Last week I watched with much interest the 52nd Maudsley debate. The motion debated was: “This house believes that the use of long term psychiatric medications is causing more harm than good”.
The Maudsley debate was covered in a head-to-head BMJ article.
Given that I have petitioned the Scottish Government for a Sunshine Act I was interested in what this Maudsley Debate might say about our approach to transparency of financial conflicts of interest:
This particular aspect of the 52nd Maudsley Debate reminded me of a series of letters published in the BMJ a decade ago. It is interesting to consider what has, and what hasn’t changed, in the intervening ten years. The letters were in response to the following 2003 editorial:
In a letter of response Dr K S Madhaven argued that “the market has us all in its grip”:
Whereas Professor Simon Wessely, in his letter of response, was of a view that “It is time we all grew up”:
Professor Wessely began his letter of 2003:
It is interesting to reflect on changes that have occurred in the United Kingdom since 2003:
- Continuing Professional Development (CPD) has become a requirement of GMC Revalidation:
- the pharmaceutical industry now has to follow the ABPI code and healthcare professionals no longer receive branded products such as pens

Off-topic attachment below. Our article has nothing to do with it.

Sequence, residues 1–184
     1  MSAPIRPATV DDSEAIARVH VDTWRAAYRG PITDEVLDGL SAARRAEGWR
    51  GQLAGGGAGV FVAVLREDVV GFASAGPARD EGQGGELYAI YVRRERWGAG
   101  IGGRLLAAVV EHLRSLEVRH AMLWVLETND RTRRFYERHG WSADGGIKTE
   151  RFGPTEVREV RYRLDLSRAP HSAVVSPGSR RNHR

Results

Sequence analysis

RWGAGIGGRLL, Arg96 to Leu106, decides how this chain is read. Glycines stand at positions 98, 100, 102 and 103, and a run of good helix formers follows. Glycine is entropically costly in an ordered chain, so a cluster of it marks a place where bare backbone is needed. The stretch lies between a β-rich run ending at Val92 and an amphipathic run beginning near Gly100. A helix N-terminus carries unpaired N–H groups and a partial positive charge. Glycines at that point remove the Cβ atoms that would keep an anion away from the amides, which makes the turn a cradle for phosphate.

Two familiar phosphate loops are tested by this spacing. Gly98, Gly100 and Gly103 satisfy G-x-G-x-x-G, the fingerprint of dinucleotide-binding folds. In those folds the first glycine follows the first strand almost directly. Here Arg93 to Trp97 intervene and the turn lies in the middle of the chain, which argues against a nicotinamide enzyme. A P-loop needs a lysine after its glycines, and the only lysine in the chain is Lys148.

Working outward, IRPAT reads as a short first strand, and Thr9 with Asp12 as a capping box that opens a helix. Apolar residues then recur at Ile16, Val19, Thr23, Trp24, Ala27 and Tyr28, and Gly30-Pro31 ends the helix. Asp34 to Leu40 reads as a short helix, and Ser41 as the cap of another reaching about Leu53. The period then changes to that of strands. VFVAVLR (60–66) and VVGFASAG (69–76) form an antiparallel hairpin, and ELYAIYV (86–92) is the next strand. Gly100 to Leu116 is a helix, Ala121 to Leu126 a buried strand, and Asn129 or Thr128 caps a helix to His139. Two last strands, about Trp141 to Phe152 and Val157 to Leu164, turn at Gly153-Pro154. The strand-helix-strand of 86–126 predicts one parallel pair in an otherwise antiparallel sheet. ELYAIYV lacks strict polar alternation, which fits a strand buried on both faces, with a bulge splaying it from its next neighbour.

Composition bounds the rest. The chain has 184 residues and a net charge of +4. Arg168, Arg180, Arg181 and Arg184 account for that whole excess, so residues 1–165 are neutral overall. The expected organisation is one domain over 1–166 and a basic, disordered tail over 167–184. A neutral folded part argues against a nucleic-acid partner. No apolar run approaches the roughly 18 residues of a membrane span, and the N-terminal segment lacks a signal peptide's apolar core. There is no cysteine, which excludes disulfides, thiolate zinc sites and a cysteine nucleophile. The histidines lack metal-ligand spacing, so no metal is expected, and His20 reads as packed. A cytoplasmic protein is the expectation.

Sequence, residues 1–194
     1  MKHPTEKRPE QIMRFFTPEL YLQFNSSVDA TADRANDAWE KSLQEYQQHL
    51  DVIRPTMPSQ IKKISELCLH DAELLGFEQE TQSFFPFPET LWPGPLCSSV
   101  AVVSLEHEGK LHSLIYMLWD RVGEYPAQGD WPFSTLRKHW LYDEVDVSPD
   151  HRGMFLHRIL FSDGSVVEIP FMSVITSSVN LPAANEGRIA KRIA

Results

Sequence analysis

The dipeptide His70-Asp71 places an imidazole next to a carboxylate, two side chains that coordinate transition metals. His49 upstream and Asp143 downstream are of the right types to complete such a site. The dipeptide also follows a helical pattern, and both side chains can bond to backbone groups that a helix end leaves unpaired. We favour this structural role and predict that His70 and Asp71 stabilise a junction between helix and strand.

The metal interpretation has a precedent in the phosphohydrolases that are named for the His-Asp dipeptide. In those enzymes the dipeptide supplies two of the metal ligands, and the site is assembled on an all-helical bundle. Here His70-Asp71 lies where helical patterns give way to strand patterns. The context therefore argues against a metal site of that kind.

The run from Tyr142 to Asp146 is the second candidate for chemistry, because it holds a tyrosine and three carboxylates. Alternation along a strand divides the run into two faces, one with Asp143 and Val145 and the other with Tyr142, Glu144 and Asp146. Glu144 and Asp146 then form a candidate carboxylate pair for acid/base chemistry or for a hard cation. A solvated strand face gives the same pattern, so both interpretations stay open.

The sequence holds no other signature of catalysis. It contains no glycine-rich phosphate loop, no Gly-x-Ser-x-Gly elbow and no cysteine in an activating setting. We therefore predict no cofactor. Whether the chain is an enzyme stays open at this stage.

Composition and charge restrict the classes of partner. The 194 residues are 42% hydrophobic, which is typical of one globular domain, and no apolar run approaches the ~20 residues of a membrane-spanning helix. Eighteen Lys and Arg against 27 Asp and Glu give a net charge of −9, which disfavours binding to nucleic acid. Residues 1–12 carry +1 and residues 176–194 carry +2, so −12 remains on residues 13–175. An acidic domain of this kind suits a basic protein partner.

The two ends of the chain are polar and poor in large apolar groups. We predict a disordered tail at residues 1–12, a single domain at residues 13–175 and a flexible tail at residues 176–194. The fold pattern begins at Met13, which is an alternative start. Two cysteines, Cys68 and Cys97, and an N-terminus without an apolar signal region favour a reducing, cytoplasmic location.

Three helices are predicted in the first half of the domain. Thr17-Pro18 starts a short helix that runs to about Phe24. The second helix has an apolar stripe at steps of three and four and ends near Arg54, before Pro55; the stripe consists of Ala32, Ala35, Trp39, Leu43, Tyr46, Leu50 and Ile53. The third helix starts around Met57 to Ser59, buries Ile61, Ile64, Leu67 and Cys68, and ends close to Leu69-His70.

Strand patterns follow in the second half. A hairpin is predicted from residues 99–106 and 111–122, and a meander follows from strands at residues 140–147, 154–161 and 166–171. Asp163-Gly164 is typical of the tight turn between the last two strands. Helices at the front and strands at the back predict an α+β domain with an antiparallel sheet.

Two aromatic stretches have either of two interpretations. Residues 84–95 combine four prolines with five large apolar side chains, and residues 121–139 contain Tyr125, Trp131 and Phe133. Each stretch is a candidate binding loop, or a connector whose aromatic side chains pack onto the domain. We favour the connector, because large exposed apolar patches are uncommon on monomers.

- “Sandwich lunches” (sponsored Continuing Medical Education – CME) remain core to continuing education. In NHS Scotland, at least two NHS Boards rely entirely on industry sponsorship to support the education of their staff
- It remains the case that, at any educational conference, neither the audience nor the public have any idea of how much speakers may have received from the pharmaceutical industry or commercial enterprises in the past three years. The proposed 2016 ABPI register is unlikely to help as any individual can opt out of disclosing payments received. Going by the experience in America, in some cases considerable sums may be routinely involved.
Professor Wessely, in 2003, was concerned about over-regulation, a concern that many of us, including myself have some sympathy with:
Watching the Maudsley debate, in 2015, I was reminded of Professor Wessely’s 2003 fear that “trust [was] gradually being eroded” . It would seem to me that the audience of 2015 would agree with Professor Wessely that this may indeed have happened. However such erosion of trust would seem to be for exactly the opposite reason given by Professor Wessely. It would appear to be the lack of transparency rather than an “Orwellian world of prohibitions” that has contributed to this.
Following the 52nd Maudsley Debate I have written to Professor Wessely, as President of the Royal College of Psychiatrists, to ask if the College might support a single, central, open, searchable database where all payments to healthcare workers, academics and researchers must be disclosed.